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FASEB J. 2014 Feb;28(2):781-90. doi: 10.1096/fj.13-240770. Epub 2013 Nov 4.

Cystathionine β-synthase-deficient mice thrive on a low-methionine diet.

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1Fox Chase Cancer Center, 333 Cottman Ave., Philadelphia, PA 19111, USA.


Cystathionine β-synthase (CBS) deficiency is a recessive inborn error of metabolism characterized by elevated serum total homocysteine (tHcy). Previously, our laboratory developed a mouse model of CBS deficiency, TgI278T Cbs(-)/(-) (abbreviated as Cbs(-/-)), characterized by low weight, low adiposity, decreased Scd-1 expression, facial alopecia, and osteoporosis. To determine the potential benefit of a methionine-restricted diet (MRD), we fed Cbs(-/-) and Cbs(+/-) control mice either an MRD or a regular diet (RD) from weaning till 240 d of age. Cbs(-/-) mice fed the MRD had a 77% decrease in tHcy, 28% increase in weight, 130% increase in fat mass, 82% increase in Scd-1 expression, and 10.6% increase in bone density and entirely lacked the alopecia phenotype observed in age-matched Cbs(-/-) mice fed the RD. At the end of the study, Cbs(-/-) mice fed the MRD were phenotypically indistinguishable from Cbs(+/-) mice fed the RD. Notably, whereas the MRD diet was highly beneficial to Cbs(-/-) mice, it had nearly opposite effect on Cbs(+/-) mice. These studies show that a low-methionine diet can correct the phenotypic consequences of loss of CBS and provide a striking example of how genotype and diet can interact to influence phenotype in mammals.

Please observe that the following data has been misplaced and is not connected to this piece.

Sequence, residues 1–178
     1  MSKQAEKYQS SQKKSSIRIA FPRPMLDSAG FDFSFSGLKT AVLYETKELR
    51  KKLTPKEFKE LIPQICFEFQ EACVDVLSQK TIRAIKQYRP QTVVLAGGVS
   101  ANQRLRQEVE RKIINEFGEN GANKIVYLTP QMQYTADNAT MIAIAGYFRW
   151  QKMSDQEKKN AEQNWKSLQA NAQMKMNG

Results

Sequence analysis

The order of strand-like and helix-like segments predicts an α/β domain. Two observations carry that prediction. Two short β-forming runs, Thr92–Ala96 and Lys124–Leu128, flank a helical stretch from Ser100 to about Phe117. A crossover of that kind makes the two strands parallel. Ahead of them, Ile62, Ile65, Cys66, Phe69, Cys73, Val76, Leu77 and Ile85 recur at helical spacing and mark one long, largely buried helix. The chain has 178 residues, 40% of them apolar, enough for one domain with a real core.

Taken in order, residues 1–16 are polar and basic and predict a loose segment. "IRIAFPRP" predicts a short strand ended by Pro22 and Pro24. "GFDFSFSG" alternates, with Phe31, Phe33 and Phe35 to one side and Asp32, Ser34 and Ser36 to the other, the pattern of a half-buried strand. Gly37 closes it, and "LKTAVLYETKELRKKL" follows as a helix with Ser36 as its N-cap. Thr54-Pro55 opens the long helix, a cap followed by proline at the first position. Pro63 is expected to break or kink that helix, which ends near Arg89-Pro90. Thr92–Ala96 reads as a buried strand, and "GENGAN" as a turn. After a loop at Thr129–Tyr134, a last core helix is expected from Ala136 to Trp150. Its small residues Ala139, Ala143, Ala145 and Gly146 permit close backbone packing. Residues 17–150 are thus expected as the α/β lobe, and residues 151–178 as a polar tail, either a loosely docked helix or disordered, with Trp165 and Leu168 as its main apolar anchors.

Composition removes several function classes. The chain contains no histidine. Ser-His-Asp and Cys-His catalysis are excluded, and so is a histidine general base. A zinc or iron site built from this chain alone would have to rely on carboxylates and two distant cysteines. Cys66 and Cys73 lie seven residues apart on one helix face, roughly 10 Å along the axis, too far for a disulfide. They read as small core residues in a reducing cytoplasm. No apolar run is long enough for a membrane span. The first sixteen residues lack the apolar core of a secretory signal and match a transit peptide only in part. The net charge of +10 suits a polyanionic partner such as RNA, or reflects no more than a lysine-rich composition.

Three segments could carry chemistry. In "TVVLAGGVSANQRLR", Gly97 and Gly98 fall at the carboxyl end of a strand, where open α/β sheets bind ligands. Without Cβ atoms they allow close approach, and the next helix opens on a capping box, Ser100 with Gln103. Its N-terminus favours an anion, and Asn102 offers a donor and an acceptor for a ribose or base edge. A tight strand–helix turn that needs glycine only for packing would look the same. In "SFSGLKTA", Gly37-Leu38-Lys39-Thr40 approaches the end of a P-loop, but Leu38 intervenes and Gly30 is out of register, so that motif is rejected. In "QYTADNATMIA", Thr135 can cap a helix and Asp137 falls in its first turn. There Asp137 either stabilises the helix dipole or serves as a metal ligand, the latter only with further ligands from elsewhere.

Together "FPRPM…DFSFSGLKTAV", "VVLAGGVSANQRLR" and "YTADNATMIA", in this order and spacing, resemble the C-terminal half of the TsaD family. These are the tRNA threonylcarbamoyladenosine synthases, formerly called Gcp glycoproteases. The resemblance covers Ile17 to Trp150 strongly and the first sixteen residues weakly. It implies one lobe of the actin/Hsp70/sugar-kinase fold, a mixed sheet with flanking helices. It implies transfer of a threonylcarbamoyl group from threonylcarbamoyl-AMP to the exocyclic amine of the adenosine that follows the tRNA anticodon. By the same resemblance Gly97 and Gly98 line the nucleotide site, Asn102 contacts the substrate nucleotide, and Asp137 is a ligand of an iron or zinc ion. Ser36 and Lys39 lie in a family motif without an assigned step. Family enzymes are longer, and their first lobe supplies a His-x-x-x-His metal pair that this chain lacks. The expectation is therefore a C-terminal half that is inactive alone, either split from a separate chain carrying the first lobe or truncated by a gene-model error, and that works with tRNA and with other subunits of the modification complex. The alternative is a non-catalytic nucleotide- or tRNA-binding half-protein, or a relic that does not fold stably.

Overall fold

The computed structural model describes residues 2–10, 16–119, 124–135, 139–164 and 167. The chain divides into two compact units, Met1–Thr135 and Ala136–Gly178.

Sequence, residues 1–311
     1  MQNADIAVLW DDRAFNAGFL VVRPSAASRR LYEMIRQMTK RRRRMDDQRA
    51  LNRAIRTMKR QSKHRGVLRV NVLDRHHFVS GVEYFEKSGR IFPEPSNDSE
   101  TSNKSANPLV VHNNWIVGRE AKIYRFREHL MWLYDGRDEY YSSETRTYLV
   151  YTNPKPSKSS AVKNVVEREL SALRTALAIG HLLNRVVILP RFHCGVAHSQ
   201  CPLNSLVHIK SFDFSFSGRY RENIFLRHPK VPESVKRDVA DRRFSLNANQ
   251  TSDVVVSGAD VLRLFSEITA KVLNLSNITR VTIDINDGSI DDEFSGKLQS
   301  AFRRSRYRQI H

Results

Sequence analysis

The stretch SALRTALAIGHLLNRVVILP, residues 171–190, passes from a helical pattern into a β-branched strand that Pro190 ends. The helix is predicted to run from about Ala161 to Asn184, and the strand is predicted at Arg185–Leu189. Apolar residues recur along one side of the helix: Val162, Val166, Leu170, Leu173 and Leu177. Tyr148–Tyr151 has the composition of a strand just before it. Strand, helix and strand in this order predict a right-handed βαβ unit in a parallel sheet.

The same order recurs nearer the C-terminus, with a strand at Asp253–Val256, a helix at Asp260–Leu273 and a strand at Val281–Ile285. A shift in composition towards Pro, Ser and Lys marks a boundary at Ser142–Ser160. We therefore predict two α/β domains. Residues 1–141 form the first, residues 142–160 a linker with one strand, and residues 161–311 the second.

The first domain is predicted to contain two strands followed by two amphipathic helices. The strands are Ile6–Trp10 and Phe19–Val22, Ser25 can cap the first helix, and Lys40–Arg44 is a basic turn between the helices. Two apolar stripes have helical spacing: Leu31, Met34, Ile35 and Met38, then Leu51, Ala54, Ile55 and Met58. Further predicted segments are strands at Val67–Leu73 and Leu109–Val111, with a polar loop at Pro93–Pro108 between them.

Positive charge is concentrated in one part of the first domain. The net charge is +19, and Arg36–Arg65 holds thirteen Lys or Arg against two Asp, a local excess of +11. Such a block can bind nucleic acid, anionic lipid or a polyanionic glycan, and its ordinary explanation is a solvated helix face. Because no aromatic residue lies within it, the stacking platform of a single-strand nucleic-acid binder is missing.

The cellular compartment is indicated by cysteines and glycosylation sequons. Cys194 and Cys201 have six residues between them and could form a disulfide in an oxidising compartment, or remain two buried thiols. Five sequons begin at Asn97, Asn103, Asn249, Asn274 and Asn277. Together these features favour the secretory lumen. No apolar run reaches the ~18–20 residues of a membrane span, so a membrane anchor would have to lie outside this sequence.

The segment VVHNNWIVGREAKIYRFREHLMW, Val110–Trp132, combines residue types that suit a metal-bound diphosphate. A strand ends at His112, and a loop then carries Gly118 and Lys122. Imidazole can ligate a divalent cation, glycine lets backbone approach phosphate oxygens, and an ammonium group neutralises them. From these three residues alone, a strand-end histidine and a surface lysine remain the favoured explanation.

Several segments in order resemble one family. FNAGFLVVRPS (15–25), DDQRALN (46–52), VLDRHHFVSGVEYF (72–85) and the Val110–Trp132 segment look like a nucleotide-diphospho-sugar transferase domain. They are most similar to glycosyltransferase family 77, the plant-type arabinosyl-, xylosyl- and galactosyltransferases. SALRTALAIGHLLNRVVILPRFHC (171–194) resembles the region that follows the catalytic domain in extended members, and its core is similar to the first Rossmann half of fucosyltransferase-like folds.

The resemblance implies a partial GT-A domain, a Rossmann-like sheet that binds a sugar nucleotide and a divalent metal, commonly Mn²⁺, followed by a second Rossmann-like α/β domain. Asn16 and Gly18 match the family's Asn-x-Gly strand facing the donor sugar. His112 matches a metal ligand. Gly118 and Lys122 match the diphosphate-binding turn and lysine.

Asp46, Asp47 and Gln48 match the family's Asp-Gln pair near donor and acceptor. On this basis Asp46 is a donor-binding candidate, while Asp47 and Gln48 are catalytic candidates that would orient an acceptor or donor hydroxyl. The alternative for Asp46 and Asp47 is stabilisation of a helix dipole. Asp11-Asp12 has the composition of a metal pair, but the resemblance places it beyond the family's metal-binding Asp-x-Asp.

alopecia; homocysteine; inborn errors; metabolism; osteoporosis

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